Emma Goldman: An Exceedingly Dangerous Woman (2004) Movie Script

On a cold December morning in 1919
just after 4:00 am
Emma Goldman,
her companion Alexander Berkman
and more than two hundred
other foreign-born radicals
were roused from their
Ellis Island dormitory beds
and more than two hundred
other foreign-born radicals
were roused from their
Ellis Island dormitory beds
In the freezing darkness
the deportees began
a journey into exile
Thrown out of the United States
for her opposition to the First World War
and especially for her political beliefs
Goldman claimed she was proud to be
selected for the honor of deportation
she was devastated.
One does not live in a
country thirty-four years
and find
it easy to go
I found my spiritual birth here
All I know, I have gained here
Through the port-hole
I could see the great city
receding into the distance
It was my beloved city
the metropolis of the New World
For nearly thirty years,
Goldman taunted mainstream America
with her outspoken attacks on government
big business and war
oldman condemned capitalism,
denounced marriage,
and crusaded for birth control.
The newspapers called her
a "modern Joan of Arc"
A heretic
A woman possessed of an
uncompromising single-mindedness
Personally she could be obnoxious
OZ FRANKEL, Historian
She could be ruthless
She could be vindictive
A plain Russian Jewish girl
But with some magnetism.
I think she was a serious political theorist who
actually thought through an anarchist movement, you could
create this kind of self-governing world..
henever the state became too powerful,
when it became too
intrusive in people's life
when it became too cruel
Emma's voice was there..
Anarchism was often associated
with violence and terrorism,
and that's the image that people have today
ALICE WEXLER, Biographer
I think her whole life was operatic
Meaning flamboyantly larger than life
Goldman's story is one
of passionate defiance
The story of a life dedicated
to free speech
free thought
free love
The story of an exceedingly
dangerous woman
I think she was a
AL ORENSANZ, Sociologist
difficult person
maybe a dangerous woman
to everybody..
she was totally
Dezembro de 1885
Emma Goldman crossed three seas
to reach the promised land
In 1885, the feisty
sixteen-year-old Russian girl
had just escaped
an arranged marriage
by threatening to drown herself
in the Neva River
America, she hoped
would be her salvation.
the land of hope,
the land of opportunity
a land of infinite possibility
When you come
into this country
all things are possible for you
All things are possible
You can forget the past
you can have a brave new world..
and for a radical revolutionary
like Emma Goldman
the volatility of this country
seemed like a
great opportunity for
creating a genuinely new world
for creating whatever was
going to come after capitalism
And I think that she entered
this world as did many
politicized people, political radicals
coming here feeling that this was the place
where the revolution could be born.
It was the 15th of August
the day of my arrival in New York City
All that had happened in my life
until that time
was now left behind me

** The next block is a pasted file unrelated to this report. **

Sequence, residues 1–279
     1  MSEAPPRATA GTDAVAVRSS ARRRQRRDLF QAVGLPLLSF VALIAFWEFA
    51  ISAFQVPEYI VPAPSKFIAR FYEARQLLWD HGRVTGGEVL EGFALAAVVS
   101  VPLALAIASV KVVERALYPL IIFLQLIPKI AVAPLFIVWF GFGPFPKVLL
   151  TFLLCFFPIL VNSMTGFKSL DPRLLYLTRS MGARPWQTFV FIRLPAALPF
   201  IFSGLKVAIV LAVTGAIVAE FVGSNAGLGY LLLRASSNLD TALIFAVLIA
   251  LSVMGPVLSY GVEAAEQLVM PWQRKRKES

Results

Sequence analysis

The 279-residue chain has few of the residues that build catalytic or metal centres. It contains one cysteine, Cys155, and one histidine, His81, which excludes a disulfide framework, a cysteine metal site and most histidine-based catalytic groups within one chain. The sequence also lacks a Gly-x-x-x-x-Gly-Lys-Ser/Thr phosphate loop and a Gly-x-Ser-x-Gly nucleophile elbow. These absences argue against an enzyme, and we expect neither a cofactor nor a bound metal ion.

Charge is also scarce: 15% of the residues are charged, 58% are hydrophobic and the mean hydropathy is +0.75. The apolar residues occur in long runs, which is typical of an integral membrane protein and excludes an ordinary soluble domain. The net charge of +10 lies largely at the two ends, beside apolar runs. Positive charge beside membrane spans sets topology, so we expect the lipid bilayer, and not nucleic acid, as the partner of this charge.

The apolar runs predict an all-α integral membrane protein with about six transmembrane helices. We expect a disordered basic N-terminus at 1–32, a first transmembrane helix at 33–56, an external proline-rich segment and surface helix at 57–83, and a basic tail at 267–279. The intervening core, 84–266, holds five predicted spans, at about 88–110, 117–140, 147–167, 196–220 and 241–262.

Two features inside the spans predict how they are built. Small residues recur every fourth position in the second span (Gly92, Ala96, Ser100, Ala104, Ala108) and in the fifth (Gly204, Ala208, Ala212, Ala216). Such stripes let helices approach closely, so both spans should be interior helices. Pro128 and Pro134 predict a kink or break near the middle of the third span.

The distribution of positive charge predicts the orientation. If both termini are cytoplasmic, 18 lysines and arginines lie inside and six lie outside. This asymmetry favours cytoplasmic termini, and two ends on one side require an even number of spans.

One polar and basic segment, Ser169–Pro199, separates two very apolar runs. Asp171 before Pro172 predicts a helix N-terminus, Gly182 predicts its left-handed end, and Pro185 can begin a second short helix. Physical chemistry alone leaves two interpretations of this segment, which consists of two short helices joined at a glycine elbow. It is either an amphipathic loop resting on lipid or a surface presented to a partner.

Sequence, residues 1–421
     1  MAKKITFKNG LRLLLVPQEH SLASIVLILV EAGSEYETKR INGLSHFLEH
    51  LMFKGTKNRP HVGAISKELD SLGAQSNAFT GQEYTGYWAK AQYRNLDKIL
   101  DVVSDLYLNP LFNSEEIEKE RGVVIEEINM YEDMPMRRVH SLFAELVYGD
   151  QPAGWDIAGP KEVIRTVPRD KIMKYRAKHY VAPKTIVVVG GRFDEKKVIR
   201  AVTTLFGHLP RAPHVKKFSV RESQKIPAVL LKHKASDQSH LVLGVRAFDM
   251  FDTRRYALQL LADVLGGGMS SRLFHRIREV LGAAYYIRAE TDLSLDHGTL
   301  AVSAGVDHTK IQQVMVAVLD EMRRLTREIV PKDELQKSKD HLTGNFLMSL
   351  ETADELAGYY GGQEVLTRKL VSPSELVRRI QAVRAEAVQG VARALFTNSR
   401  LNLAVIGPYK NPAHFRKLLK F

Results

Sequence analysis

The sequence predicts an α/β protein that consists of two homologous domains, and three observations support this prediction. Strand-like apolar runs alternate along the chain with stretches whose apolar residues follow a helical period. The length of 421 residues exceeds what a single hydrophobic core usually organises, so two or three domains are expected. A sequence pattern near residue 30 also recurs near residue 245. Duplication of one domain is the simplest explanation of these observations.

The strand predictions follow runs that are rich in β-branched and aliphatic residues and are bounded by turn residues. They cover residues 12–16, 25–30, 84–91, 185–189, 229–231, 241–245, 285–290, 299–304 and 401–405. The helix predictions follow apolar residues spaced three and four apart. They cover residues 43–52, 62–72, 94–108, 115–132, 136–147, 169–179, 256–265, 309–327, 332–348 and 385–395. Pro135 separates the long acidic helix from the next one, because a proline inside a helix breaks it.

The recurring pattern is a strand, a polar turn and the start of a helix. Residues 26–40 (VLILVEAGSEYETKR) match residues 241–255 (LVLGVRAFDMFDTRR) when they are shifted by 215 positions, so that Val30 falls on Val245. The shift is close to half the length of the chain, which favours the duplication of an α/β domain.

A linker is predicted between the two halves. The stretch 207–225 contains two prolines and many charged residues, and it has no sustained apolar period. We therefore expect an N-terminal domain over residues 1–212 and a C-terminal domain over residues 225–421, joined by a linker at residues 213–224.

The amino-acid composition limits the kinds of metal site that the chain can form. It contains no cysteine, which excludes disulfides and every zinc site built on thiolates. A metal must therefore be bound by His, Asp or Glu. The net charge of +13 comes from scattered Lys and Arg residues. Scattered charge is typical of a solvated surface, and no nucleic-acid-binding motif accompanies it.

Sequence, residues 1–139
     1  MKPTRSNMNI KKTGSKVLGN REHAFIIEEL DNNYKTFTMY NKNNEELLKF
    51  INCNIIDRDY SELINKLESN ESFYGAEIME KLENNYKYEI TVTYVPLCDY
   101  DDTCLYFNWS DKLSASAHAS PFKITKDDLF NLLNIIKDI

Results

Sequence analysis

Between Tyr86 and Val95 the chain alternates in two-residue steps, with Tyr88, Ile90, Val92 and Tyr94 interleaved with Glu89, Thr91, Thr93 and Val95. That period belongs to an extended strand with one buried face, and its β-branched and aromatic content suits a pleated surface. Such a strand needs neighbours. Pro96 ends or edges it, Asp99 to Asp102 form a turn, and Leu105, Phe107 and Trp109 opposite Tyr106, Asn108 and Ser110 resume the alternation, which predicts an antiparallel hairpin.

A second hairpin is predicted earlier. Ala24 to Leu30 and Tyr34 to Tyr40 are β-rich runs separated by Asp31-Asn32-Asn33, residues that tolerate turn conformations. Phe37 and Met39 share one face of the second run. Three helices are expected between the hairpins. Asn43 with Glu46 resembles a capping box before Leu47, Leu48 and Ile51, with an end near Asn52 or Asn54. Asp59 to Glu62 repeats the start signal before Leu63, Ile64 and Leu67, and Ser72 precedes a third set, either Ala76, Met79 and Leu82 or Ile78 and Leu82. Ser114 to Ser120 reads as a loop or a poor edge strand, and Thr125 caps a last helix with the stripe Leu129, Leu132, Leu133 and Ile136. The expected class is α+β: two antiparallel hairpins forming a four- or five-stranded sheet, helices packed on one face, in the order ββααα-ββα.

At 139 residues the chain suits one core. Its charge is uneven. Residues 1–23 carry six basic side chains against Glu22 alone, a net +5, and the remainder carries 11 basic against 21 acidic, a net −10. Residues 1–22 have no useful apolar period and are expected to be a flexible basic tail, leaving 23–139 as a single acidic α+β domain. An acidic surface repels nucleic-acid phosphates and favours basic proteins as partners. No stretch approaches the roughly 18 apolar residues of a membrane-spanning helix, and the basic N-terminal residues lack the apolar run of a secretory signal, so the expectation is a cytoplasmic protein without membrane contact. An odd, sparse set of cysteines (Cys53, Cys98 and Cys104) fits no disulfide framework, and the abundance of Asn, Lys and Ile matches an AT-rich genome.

cast off
like a worn-out garment
Cast off was a miserable
childhood in St. Petersburg
where she lived under the
tyranny of a Czarist regime
and under the thumb of a father
anxious to rid himself of his
unwanted rebellious daughter
She had also just walked away
From four years of factory work
in upstate New York
and walked out on a brief,
loveless marriage
to an immigrant like herself
I was twenty years old
My entire possessions
consisted of five dollars
and a sewing machine
I had no friends
but I carried the address
of Die Freiheit
an anarchist newspaper
Within a day of her arrival
Goldman walked into
Sach's Caf
She's walking into a place
one can imagine it
full of people
working men,
people working
in textile shops
All there after
a day's work
from a political meeting
talking about politics
the hubbub
the smell of beer
the amazing
number of languages being spoken
She came home
when she came to Sachs
Sitting at a nearby table
was Alexander Berkman
called "Sasha" by his friends
had been in the country
only a year
He would become
the stillpoint of her life
He was quite standoffish at first
He didn't think women
were reliable revolutionaries
He thought women
attended radical meetings
in order to look for men
and once they found men
they were gone
and took the men with them
He's young
he's ferocious
he's charming
he's dedicated
he lives and breaths
She's aware that something's
happening in her
She may not even be aware of it
maybe we're saying too much
You've suddenly changed
and you're there
And now you are with other people
you're not alone
It must have been
a fantastic time for her
Soon the German anarchist
Johann Most
entered Goldman's life
Most would become her mentor
And her idol
Most seems to have been
a brilliant orator
vicious use of language
The reptile brood
"extirpate the reptile brood"
he'd say about the middle class
and the upper class
And Emma
says of him he
stirred her very soul
when she heard him speak
An advocate of insurrection
and revolutionary violence
Johann Most had a large
and devoted following
within the American
anarchist movement
As a group
American anarchists
were idealistic
and organized
Though few in number
they had surprising influence
It was an
enormously powerful
well-directed movement
They talked about
equality of everyone